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    Iv been reading about dry cycling, most of them suggest using dead shrimp even if ammonia is added, as it will form a certain type of bacteria. How true is it?
     
  8. Randy Holmes-Farley

    Randy Holmes-Farley Reef Chemist Staff Member Team R2R R2R Supporter R2R Excellence Award Expert Contributor Article Contributor

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    I'm not sure there is any apparent long term benefit of using shrimp over ammonia dosing, but both can work. When using ammonia, it can take a while if you do not add bacteria.
     
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  9. jason2459

    jason2459 Not a paid scientist R2R Supporter R2R Excellence Award

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    I personally don't belive supplementing bacteria is necessary as there's plenty available for free. I've never added any from a bottle and I've got plenty of bacteria. In my tank journals its taken me under 14 days to get a tank to zero out ammonia and nitrites.

    However, I have taken a look at a few bottles of bacteria and to their credit they are viable. So, if one would like to get some bacteria in a bottle they are there.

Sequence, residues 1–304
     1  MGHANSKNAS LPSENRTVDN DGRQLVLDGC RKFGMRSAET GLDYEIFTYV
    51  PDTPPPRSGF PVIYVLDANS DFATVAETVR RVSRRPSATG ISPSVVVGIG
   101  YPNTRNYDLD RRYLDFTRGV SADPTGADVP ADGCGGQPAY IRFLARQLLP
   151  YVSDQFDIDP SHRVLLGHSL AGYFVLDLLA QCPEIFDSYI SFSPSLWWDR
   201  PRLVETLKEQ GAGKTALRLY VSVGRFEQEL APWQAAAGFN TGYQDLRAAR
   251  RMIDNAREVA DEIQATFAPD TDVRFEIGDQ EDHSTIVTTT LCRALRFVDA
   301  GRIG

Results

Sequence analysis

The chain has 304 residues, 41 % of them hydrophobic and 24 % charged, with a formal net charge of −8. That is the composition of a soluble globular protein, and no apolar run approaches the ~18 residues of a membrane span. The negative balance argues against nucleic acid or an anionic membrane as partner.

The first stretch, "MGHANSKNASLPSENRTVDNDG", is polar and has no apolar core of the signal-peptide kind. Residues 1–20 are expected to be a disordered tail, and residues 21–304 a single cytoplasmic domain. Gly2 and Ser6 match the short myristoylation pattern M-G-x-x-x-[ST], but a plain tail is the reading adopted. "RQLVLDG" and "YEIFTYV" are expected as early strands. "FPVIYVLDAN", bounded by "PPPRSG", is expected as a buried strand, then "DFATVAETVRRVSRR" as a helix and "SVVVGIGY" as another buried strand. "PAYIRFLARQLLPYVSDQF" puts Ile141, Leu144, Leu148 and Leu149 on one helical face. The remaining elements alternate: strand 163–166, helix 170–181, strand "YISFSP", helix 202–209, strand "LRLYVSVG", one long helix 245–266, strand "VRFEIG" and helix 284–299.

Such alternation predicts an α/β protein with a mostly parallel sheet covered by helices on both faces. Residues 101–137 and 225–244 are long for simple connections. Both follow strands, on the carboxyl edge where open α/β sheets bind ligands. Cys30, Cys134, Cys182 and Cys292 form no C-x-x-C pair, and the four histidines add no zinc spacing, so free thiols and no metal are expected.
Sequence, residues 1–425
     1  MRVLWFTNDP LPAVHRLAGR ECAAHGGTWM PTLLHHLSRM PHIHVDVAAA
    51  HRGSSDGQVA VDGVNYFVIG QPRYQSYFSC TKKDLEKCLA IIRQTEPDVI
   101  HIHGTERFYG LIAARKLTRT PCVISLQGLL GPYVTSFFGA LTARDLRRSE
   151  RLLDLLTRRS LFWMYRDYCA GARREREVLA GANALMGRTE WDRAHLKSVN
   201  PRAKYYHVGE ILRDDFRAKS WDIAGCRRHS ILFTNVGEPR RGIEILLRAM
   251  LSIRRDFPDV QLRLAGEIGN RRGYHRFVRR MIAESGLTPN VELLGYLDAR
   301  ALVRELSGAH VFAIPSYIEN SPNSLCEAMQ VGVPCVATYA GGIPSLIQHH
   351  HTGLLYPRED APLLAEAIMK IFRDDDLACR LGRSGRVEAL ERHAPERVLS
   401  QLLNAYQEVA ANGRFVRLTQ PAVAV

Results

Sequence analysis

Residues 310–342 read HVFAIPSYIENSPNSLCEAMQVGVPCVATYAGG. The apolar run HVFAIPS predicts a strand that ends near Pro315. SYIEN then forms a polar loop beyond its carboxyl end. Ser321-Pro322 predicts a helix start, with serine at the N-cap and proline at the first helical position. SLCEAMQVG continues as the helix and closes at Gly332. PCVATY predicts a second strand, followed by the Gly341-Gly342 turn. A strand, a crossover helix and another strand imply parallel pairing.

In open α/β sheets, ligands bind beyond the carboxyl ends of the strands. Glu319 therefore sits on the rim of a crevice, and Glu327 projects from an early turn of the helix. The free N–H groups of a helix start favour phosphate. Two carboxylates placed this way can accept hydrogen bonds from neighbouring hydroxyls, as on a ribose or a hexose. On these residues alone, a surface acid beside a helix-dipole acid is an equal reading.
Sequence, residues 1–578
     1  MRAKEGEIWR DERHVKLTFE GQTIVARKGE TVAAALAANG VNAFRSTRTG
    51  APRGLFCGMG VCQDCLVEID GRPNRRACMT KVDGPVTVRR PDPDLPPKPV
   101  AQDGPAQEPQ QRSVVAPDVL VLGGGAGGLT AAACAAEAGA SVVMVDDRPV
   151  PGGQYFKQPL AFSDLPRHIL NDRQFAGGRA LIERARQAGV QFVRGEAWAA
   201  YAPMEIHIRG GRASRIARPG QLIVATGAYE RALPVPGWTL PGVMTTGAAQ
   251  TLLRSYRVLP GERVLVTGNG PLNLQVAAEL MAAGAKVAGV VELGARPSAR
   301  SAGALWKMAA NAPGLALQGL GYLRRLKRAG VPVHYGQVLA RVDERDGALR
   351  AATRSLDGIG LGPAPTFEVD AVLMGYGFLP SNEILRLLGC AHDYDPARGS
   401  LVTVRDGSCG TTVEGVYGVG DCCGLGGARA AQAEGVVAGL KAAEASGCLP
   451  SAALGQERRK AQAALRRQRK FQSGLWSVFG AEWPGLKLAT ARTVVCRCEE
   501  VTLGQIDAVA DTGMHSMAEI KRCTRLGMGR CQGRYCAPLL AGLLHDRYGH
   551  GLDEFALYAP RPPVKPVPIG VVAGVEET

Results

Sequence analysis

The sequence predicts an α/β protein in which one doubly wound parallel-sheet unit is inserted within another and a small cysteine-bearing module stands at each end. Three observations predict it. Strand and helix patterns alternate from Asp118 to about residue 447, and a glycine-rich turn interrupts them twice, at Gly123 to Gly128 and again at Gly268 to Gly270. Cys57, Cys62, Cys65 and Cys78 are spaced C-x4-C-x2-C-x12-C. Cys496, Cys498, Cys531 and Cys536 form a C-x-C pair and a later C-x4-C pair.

http://reef2reef.com/threads/our-tanks-biology-up-close.239838/
     
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  10. nanomania

    nanomania Well-Known Member

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    So doni add fish right after the nh4 and no2 read 0? Or still wait? Im gona add seachem stability to cycle. Do i add vinegar while cycling?

    My plan is not use skimmer for the first month. Would it be a good idea?
     
  11. nanomania

    nanomania Well-Known Member

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    I too dont believe in them, its gona be my first time going dry, so gona dose ammonia. So im gona add seachem stability. I guess these bacteria in a bottle might jus be some combination of sugar vinegar alcohol.. i might be absolutely wrong though.. as im nit a marine biologist.. ;)
     
  12. glweek

    glweek Well-Known Member

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    ive used seachem stability twice now with good results. There bacteria does take a little longer to work but is WAY cheaper than anything else on the market and available at petsmart if no lfs carry it. i added i was showing 0 amonia, 0 nitrate, and small nitrate after 4 days of ghost feeding with mysis. also dry rock, sand in a 30 gal.
     
  13. Brew12

    Brew12 Well-Known Member R2R Supporter R2R Excellence Award Reef Squad Article Contributor Partner Member

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    Stability works a little slower because the bacteria are in a dormant stage. Biospira and Dr Tims are active bacteria so they tend start working a bit faster.
     
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  14. Randy Holmes-Farley

    Randy Holmes-Farley Reef Chemist Staff Member Team R2R R2R Supporter R2R Excellence Award Expert Contributor Article Contributor